“It was a beautiful place,” Miss Minto says. “Mom used to do the cooking and then I was 14 and Mom had to go to the hospital with appendicitis, I cooked for 50 men. Dad would get the potatoes and meat ready, and I'd do the rest. In the winter, we'd help cut the wood and ice. Mom and I drew the ice from the lake with horses and sleigh, and my sister put it in place (in the ice house) and stuffed snow into the cracks.”
The camp ran for six weeks a summer to train U of T engineering and mining students a few practical tricks about surveying. With all those young men around, Miss Minto laughs when she says “we were too busy to be bothered by them.” The students also had trouble being able to tell the twins apart, so they called both of them “Winnie May.”
As the camp grew, young May was very much a part of it. “In '53 and '54, I helped build the new teaching building. Me and another worker shingled the whole building, 130 feet long. I just grew up doing a man's work.”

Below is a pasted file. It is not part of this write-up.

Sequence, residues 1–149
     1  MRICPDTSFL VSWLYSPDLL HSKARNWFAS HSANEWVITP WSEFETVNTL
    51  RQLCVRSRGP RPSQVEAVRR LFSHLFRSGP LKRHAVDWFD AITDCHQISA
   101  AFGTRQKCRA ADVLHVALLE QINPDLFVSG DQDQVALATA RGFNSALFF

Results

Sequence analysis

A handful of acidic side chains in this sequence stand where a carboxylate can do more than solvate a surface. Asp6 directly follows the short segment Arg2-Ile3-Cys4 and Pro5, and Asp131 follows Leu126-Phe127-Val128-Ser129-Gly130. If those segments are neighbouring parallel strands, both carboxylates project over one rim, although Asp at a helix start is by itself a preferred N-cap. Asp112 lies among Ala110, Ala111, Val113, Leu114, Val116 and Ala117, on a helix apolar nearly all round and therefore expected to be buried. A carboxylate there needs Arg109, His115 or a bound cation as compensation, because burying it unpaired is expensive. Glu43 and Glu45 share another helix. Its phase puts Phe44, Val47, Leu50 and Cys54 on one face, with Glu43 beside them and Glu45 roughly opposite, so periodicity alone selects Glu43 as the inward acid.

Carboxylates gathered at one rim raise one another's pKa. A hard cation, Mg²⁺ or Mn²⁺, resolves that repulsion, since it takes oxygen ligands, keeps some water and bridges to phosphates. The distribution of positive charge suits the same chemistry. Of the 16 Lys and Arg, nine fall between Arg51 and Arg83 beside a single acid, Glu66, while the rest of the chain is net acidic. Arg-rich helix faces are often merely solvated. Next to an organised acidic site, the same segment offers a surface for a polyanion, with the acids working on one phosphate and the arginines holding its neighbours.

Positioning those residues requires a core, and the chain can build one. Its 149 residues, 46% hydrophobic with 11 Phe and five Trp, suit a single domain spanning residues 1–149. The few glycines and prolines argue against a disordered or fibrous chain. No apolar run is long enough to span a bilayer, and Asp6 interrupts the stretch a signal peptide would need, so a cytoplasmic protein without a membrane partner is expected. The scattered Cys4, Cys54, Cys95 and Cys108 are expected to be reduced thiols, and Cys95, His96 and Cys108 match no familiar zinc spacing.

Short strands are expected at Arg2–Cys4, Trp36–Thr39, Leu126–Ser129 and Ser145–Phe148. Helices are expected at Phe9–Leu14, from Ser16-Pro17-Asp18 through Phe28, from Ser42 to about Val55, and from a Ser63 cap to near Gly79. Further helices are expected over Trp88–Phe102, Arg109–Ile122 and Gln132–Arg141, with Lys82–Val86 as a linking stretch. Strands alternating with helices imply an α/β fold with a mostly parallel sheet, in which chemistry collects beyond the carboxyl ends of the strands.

What did the men with whom she worked think about it? “I used to be their boss so they either worked with me or they had to go. I was the only one who knew how to build the canoes.”
At first, the canoes were built for the survey camp and others in the area - Kilcoo, Gay Venture and Onondaga being just three. But as word of their craftsmanship spread, the orders kept coming in and they decided it was time to really going into business.
“Jimmy was working at it a bit and so was Art, but they both married and moved away and Dad wasn't up to doing it on his own so I took it up,” Miss Minto says. “We had a workshop at the university and when we moved to Minden (in 1956 to open Minto Marine where Jug City now stands on Hwy 35), we had a shop there.”
Her only break from living in the Highlands came in the early 1940s, when she and Winnie answered the government's call for help at munitions factory. Living at a relative's on Queen Street, May first worked the lathe on the nose cones for anti-tank shells at Massey Ferguson and then went to Victor Aircraft where she was a riveter on the Lancaster bombers. “When Bob reached 18 and went into the army, we had to quit and come home to be with mom and dad, who were all alone,” she says.